The Green Deal
The Green Deal has raised the sights to make the EU sustainable. It is a massive and exciting challenge, and covers every aspect of our daily lives, how we eat, how we live, how we travel.
One element deserves more attention and that is consumer behaviors and preferences. We have already seen the dematerialization of the economy at a remarkable rate since the Club of Rome sent up warming flairs in the 70s.
The end point of sustainability will be the end of the consumer society and the waste makers as we know it. It will trend towards durability of devices, to consumption being more about functionality rather than material use. For instance if you live in a city and have Uber, you do not need a car.
You may in the end have a subscription to mobility and no longer the proud owner of a large capital item that depreciates in value faster than the rust can rot the chassis.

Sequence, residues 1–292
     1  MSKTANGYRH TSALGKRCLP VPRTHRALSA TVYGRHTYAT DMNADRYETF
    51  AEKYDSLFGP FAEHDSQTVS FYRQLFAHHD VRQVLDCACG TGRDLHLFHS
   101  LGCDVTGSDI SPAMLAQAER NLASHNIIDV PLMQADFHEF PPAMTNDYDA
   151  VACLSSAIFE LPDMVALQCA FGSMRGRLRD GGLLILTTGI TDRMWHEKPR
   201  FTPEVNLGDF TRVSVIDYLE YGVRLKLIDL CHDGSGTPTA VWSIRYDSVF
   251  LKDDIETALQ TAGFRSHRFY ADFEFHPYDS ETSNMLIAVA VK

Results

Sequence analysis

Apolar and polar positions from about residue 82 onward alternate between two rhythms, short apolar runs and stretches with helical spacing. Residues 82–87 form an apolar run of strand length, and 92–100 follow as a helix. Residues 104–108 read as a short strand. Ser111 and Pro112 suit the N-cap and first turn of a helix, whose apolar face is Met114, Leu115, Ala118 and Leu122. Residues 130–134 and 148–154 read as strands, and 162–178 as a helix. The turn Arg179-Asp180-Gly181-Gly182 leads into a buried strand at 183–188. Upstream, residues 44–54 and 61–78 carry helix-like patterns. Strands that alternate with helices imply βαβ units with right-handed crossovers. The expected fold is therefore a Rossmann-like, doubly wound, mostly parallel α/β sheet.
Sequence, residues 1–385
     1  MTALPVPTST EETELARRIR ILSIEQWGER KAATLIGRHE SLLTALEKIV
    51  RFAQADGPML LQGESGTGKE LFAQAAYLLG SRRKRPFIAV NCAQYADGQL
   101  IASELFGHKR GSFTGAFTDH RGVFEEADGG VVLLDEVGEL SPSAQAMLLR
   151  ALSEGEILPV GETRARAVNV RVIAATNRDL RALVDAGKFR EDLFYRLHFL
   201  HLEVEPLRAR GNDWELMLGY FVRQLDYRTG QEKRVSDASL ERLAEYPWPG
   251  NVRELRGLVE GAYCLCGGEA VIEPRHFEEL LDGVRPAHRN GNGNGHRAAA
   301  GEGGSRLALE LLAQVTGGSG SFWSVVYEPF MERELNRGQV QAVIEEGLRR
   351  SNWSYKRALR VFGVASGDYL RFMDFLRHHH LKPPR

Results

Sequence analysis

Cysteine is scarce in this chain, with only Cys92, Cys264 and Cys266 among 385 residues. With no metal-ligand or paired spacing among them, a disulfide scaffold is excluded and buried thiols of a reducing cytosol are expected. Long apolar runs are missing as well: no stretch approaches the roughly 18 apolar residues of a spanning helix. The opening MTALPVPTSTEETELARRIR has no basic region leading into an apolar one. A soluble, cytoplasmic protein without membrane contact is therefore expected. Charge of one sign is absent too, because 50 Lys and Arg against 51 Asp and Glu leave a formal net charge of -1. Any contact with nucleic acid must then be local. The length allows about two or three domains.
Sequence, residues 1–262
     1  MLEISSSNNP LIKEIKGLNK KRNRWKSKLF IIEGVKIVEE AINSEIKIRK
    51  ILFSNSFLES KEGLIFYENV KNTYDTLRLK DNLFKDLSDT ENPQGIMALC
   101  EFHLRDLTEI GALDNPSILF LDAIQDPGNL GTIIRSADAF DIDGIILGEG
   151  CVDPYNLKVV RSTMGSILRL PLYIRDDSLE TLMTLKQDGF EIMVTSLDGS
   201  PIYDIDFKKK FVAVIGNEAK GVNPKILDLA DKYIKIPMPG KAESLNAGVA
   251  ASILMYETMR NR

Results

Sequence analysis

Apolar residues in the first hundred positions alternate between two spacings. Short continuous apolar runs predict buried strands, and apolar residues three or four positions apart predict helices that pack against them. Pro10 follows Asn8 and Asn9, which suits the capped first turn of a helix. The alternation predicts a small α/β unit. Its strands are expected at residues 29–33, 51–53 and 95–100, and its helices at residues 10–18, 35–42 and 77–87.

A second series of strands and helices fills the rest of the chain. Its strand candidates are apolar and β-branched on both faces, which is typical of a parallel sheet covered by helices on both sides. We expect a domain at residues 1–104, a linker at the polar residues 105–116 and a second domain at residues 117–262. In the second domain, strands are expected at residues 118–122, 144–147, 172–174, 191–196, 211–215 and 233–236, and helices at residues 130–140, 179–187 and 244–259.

Clothing may be rented for a season and then returned to be recycled, and no longer stocked in the attic until the moths have predigested it before disposal.
Packaging will become non-toxic and fully recyclable, so food and drink will arrive in forms that have a value and are not thrown away. Examples exist such as deposits on soda bottles.
Ultimately the “tectonic” shift is going to be expressed in consumer preferences and behaviors that will do most to reduce waste and enhance recycling. The consumer is the key actor and needs to have the right incentives and choices.
Dirk Hudig – 27 January, 2020